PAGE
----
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Utah Senate will debate bill to change name of Dixie State University



The Utah Senate will hear a bill that would start the process of changing the name of Dixie State University, Senate leaders announced Wednesday afternoon.

This comes after political gridlock saw House Bill 278 stalled in the Senate after quickly passing the House of Representatives.

It also comes on the same day dozens of students rallied at the Capitol, calling for the Senate to hear the bill and change the school’s name.

Supporters of a name change say the term “Dixie” is problematic, especially in today’s political climate, because of its connection to slavery and racism. They say it can hurt students when they look for jobs.

“We love the name Dixie. We love it so much,” said Penny Mills, Dixie State student body president. “But the reality is that it has a different meaning outside of Utah.”

Mills and other students met with Senate President Stuart Adams (R-Layton) Wednesday morning as part of their visit to the Capitol. Mills said she told Adams “that the bill cannot be held.”

The Senate has been reluctant to take up the bill since it passed the House two weeks ago. Sen. Don Ipson (R-St. George) said he felt the community had been left out of the process and “hasn’t had enough input.”

But at a Wednesday press briefing, Senate leaders said the bill would be heard before the end of the session. 2News asked what had changed from the day before when they were unwilling to commit to hearing the bill.

“I think we were trying to work to that,” said Adams. “If you heard me yesterday, I didn’t say it wouldn’t be heard — hopefully I didn’t say that — because I thought we said we were working through the process. And part of that process is trying to find buy-in from stakeholders and from legislators and others.”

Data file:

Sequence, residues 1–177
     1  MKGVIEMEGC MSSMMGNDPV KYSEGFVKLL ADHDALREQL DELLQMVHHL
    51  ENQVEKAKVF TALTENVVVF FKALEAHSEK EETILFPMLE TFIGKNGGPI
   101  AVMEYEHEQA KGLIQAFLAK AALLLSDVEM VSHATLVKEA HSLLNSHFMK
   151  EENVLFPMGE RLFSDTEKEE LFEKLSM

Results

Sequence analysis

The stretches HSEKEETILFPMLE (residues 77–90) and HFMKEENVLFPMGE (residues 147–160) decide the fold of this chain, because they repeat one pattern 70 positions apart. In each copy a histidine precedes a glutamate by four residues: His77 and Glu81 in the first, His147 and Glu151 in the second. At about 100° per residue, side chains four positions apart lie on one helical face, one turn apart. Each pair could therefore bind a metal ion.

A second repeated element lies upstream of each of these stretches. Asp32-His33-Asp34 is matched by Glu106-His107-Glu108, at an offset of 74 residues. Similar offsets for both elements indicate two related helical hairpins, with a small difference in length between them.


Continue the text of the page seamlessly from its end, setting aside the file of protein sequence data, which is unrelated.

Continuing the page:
Adams went on to say, “I don’t think there was — at least in my mind — ever an anticipation that the bill absolutely would not be heard.”

The bill calls for a recommendation for a new name for the university by November that does not include “Dixie” in it, although the St. George campus could still be referred to as the Dixie Campus.

Senate leaders said they are still working on the specifics of the bill, particularly to bring more public input into the process. The legislative session ends next week.

“We’re going to get this right, I hope, at the end of the day,” Ipson said.

Deven Osborne, a senior at Dixie State who plays football, said “the name has to change.”

“Going back to California and wearing Dixie State apparel, it was different,” Osborne said. “A lot of people looked at me differently, like I wasn’t representing my community as a African American male, and it was hard.”

House Speaker Brad Wilson (R-Kaysville) has pushed for the Senate to take up the Dixie State name change bill. In an interview Wednesday with 2News, he talked about meeting with several business representatives from southern Utah Tuesday who want to see the school’s name changed.

“They would like the opportunity to have this decision made, find a new name, and move past it and invest in the future of the community and the institution,” Wilson said.

A committee hearing for House Bill 278 had not been scheduled as of late Wednesday afternoon.

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